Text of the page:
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Small Caps are Fueling the Growth of the Cannabis Industry

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Investors should watch out for these three cannabis stocks in the coming weeks, for better or worse. CannTrust Holdings (TSX:TRST) might get delisted from the Toronto Stock Exchange and OrganiGram Holdings (NASDAQ:OGI) is trying a bounce back with some positive results. Meanwhile, in the US, Veritas Farms Inc. (OTC:VFRM) posted an impressive growth in quarterly results.

CannTrust might be delisted from the Toronto Stock Exchange

The Toronto Stock Exchange has formally informed CannTrust Holdings Inc. (TSX:TRST) that it is currently reviewing the company’s eligibility to list its common shares due to its failure to file audited financial statements as of December 31, 2018. That includes the interim financial statements for the first, second and third quarters of 2019.

The Toronto Stock Exchange notice is a warning, stating: “If the Company is unable to remedy these defaults by March 25, 2020, the Company’s securities will be delisted 30 days after that date.”

In August, CannTrust issued a statement following Health Canada’s decision to suspend its crop licenses, indicating that it would review and possibly publish updates on previous disclosures. This has not yet been done.

Health Canada had suspended CannTrust’s licenses following the discovery that the company had been growing unlicensed cannabis at its facilities in Ontario. The situation has resulted in a cascade of consequences, including the replacement of the CEO, the suspension of its sales and product processing license, class action lawsuits and an order to destroy more than $56.4 million (CA$75 million) worth of inventory. Since April, the company’s stock has lost more than 90% of its value.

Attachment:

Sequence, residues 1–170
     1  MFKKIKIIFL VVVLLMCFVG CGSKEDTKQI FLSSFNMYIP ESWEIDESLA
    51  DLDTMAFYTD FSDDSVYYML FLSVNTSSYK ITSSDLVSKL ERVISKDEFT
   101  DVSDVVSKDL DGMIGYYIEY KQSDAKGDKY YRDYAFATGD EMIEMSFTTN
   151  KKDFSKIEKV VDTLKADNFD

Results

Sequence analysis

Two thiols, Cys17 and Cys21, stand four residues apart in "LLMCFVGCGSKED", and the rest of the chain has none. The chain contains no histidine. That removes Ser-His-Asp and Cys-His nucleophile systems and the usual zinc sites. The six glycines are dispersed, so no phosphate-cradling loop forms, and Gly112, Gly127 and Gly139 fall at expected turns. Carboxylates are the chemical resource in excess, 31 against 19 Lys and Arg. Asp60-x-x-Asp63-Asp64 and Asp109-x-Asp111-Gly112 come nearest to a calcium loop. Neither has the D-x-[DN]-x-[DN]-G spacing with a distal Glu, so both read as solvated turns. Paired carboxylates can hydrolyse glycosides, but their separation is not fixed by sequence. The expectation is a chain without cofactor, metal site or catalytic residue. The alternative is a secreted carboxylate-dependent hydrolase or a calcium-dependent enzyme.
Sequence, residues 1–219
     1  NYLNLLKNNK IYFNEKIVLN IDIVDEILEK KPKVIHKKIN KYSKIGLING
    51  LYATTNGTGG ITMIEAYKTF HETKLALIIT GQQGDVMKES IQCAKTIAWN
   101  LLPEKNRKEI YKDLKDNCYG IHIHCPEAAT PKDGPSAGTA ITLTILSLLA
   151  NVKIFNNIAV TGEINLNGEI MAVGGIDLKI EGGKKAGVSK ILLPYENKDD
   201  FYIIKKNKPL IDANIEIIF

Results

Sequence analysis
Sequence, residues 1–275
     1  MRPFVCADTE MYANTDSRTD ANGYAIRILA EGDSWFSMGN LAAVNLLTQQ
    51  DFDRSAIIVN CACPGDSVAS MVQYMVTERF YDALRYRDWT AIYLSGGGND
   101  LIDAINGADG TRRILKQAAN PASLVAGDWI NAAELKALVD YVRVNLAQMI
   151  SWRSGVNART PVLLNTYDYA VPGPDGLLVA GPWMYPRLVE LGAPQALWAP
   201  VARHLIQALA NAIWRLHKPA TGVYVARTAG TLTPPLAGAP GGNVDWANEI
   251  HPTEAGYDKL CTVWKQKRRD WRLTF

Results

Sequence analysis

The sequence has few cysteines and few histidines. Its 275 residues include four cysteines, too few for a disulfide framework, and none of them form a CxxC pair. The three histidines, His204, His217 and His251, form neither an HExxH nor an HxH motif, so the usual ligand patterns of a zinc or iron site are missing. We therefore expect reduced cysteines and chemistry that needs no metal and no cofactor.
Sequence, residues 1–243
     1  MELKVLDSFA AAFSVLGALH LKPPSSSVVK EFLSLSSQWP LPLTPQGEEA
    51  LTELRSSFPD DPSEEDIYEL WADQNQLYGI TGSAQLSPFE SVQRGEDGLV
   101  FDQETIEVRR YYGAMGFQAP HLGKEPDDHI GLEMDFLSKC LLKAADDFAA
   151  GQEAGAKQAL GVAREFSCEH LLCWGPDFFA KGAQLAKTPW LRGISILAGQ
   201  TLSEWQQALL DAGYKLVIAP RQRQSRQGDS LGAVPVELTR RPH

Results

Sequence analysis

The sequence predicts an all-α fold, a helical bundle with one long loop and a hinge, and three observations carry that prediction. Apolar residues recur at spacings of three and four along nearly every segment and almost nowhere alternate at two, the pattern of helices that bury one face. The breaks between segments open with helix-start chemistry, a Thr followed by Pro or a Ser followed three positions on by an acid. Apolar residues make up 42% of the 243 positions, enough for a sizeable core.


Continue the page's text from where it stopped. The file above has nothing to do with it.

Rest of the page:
OrganiGram Holdings scores points on its own scale

This Canadian cannabis grower is slowly gaining ground on a small scale. In a sector flooded with bad news, OrganiGram Holdings Inc (NASDAQ:OGI) is trying to balance itself with a little good news.

The New Brunswick-based cannabis producer can boast of having “one of the lowest crop costs per gram” compared to other producers. That’s not an easy task, at a time when large cannabis companies are struggling with their production costs in a market in which prices are falling due to oversupply.

However, that turned out to be only a consolation prize when OrganiGram released its latest results last week. The figures showed a net loss of $16.9 million (CA$22.5 million), while net income for the quarter ending August 31 was $12.3 million (CA$16.3 million), a significant increase from the same quarter last year, when the figure was only $2.4 million (CA$3.2 million). However, last quarter’s revenues decreased from the $18.7 million (CA$24.8 million) earned in the previous three-month period.

Despite the loss, the company offered revenue improvement forecasts and presented its plans for so-called 2.0 cannabis products, which will be released in the coming months.

OrganiGram has indicated that it intends to launch spray pens in December, cannabis-infused chocolates in the first three months of 2020 and cannabis powder drinks in the second quarter of 2020.

In addition to the results, Raymond James’ analyst Rahul Sarugaser reportedly stated in a research note that the company is “very well positioned to survive the upcoming industry turbulence and become a leader in the sector”.

Veritas Farms Inc. – A cannabis stock with huge growth potential

In Canada the cannabis industry is held back by negative financial results experienced by the majority of companies listed on the Toronto Stock Exchange. However, in the US the cannabis sector is still on the rise, with some small caps positioning themselves at the forefront, thanks to their impressive revenue growth. The most representative example in this regard is Veritas Farms Inc. (OTC:VFRM), a producer and distributor of full-spectrum CBD products based in Lauderdale, Florida.

The company was founded in 2015 and owns a 140-acre industrial hemp farm and facility, located in Pueblo, Colorado. Since its foundation, Veritas experienced year-on-year growth, with the latest quarterly results continuing the upward trend.

Veritas Farms’ Q3 2019 operating results are impressive. The company managed to more than double sales compared to Q3 2018, and reached a new record. The cannabis producer’s total revenue increased by 165% to $1,215,810 compared to $459,329 in Q3 2018. Gross profits increased by as much as 468% to $495,058, compared to $87,187 in the similar period of 2018.